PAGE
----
Other Legal Actions
Carnegie Mellon could receive a number of notices related to the copyright infringement or be served with subpoenas from an agency representing the copyright holder. Other than DMCA Takedown notices, the following are the most common copyright infringement notices sent from organizations representing copyright holders:
These notices do not have to be sent in any particular order, and are not all required. For example, a representing agency could choose to send an Early Settlement Letter as the first notice to be communicated to the alleged infringer, which could then be followed by a subpoena. A Takedown notice could also be sent separately.
A preservation request is initiated by organizations representing copyright holders. These requests are usually sent to the ISP, such as Carnegie Mellon, demanding that the alleged infringer's contact information be preserved in response to a future subpoena. The notice will typically request that the alleged infringer preserve any evidence that might reside on the computer identified in the preservation request. The preservation request, similar to the Takedown notice, contains the IP address that was reported in the violation and the timestamp, including time, date, and time zone. The ISO uses this information to determine what individual is responsible for the system.
The agency representing the copyright holder may give the alleged infringer an opportunity to settle the matter outside of a courtroom. The representing agency sends ISPs, such as Carnegie Mellon, an "Early Settlement Letter" with a request that it be forwarded to the user associated with the IP address involved in the alleged copyright infringement. The letter informs the alleged infringer of a possible lawsuit, and presents them with the opportunity to settle the claim in order to avoid having to resolve the claim in court. This letter may include a link to a settlement website where a reduced amount, ranging from $1,000 to $5,000, can be paid with a credit card. In addition, the letter may inform the alleged infringer that they are prohibited from deleting information or programs related to the copyright infringement, as they are considered evidence and must be preserved. In the interest of providing students with notice of potential legal claims and an opportunity to settle such claims, it is the practice of Carnegie Mellon to forward Early Settlement Letters to the alleged infringer. The University does not disclose names, contact information or any other personally identifiable information to the copyright holder in response to Early Settlement Letters.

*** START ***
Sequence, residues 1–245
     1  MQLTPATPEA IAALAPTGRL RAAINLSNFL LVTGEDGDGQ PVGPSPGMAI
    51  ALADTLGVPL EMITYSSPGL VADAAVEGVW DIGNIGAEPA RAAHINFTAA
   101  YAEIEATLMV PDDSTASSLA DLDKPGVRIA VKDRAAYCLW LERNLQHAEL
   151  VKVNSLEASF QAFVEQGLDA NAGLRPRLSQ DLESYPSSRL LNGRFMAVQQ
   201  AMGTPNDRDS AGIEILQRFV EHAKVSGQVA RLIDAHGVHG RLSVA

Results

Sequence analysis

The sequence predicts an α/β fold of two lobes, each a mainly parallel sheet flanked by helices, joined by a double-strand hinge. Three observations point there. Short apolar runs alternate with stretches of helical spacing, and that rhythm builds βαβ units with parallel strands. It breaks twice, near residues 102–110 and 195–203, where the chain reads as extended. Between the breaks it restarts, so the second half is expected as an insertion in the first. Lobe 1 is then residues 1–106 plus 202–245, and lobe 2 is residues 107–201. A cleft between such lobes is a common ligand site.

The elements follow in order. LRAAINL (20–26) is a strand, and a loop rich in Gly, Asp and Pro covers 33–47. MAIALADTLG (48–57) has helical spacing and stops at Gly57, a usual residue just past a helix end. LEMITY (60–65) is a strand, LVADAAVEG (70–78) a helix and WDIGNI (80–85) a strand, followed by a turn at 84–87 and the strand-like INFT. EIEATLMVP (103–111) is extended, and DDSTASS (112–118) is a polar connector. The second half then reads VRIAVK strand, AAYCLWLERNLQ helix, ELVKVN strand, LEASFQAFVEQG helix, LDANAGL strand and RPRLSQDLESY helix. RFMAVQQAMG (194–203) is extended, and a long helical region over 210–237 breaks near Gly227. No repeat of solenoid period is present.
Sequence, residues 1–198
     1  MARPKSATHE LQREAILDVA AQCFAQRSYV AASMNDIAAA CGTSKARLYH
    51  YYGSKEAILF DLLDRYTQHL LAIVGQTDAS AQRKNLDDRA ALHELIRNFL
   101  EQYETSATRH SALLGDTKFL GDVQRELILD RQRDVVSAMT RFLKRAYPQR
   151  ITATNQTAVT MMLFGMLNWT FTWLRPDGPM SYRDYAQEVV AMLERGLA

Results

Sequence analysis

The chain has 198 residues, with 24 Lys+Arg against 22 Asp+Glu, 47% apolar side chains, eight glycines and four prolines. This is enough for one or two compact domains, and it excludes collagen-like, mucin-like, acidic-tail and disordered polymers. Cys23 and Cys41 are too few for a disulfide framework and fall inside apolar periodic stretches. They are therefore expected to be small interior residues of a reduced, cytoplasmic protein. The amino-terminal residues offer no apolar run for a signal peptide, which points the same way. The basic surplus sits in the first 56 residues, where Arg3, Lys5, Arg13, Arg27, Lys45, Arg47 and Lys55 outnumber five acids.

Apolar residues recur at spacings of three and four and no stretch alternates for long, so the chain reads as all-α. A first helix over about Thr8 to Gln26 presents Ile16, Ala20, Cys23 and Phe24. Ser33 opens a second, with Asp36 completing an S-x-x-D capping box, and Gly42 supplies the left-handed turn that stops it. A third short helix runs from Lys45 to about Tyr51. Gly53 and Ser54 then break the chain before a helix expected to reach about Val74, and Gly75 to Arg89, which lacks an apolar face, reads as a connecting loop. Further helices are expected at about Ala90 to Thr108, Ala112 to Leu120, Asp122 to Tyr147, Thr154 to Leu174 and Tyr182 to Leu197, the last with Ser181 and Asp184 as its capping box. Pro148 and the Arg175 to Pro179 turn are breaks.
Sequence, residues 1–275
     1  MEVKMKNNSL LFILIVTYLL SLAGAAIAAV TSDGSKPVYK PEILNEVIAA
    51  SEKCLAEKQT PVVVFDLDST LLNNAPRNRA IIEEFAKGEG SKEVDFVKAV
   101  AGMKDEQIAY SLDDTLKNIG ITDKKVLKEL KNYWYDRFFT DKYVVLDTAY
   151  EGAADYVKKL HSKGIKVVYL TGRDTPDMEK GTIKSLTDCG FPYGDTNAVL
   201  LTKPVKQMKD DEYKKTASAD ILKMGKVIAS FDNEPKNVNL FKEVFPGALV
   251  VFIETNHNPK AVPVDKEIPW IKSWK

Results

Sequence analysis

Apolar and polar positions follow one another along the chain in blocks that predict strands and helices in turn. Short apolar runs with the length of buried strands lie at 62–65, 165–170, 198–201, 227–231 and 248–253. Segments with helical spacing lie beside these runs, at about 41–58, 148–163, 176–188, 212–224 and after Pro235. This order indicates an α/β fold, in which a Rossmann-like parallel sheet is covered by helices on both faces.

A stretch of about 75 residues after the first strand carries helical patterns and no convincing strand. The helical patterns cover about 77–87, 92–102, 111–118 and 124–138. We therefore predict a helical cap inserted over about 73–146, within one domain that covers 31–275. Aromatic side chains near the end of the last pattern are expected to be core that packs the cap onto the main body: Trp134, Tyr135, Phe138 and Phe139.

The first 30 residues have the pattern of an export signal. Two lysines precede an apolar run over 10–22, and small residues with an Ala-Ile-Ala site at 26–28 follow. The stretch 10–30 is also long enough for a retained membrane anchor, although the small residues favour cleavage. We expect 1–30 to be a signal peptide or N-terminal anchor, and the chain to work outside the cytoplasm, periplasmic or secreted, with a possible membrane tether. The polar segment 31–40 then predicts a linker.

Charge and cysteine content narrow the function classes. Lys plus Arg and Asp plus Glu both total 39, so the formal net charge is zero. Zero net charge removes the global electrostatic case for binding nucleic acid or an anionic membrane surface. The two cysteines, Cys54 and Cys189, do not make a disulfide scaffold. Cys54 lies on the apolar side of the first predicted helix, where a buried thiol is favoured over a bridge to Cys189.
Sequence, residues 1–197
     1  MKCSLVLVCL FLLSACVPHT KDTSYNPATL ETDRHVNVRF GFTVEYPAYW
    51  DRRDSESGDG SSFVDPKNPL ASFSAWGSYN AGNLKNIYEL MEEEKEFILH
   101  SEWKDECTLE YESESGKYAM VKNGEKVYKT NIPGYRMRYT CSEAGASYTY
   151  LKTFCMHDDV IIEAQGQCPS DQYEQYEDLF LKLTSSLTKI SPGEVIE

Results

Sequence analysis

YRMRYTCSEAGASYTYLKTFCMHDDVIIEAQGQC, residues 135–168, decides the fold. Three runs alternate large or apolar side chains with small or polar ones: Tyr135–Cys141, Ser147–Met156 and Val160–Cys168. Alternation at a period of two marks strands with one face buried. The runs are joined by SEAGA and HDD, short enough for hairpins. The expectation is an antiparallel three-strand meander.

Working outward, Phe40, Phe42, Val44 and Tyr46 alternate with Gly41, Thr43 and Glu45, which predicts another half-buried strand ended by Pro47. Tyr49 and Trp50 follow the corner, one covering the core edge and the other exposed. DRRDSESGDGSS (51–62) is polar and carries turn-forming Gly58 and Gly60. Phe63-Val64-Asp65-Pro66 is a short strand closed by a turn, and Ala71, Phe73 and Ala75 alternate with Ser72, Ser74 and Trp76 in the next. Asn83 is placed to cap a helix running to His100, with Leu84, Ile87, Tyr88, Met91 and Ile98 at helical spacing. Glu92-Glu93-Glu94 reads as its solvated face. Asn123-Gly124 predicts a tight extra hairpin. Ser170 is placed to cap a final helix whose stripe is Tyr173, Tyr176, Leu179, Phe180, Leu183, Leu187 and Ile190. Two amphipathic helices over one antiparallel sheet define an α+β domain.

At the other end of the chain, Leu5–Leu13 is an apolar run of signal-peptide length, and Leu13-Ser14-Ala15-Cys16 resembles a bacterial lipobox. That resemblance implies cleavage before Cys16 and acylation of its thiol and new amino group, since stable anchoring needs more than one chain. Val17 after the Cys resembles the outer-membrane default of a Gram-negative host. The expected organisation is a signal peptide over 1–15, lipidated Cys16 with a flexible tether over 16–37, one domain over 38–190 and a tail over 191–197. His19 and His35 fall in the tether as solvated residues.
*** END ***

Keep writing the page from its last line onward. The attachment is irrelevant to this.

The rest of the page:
A student may choose to respond to the Early Settlement Letter or they may seek the advice of an attorney. The Student Life Office at Carnegie Mellon can provide recommendations on whom to contact for advice.
Subpoenas received by the University from copyright holders or their representatives generally request the identity of the user of a particular IP address which allegedly used the University's network to unlawfully distribute copyrighted material. A subpoena could be served without sending a DMCA notice, or a preservation request, to the alleged infringer. Subpoenas generally allow for a reasonable period of time within which the recipient is required to respond. Carnegie Mellon will inform the alleged infringer of any receipt of a subpoena for copyright violations prior to providing any information to the party that served the subpoena. In order to afford the alleged infringer(s) the opportunity to challenge the subpoena through the court system, the University will withhold its response until the expiration of the reasonable time specified in the subpoena. Unless the subpoena is successfully challenged, Carnegie Mellon will be compelled to provide the information requested in the subpoena.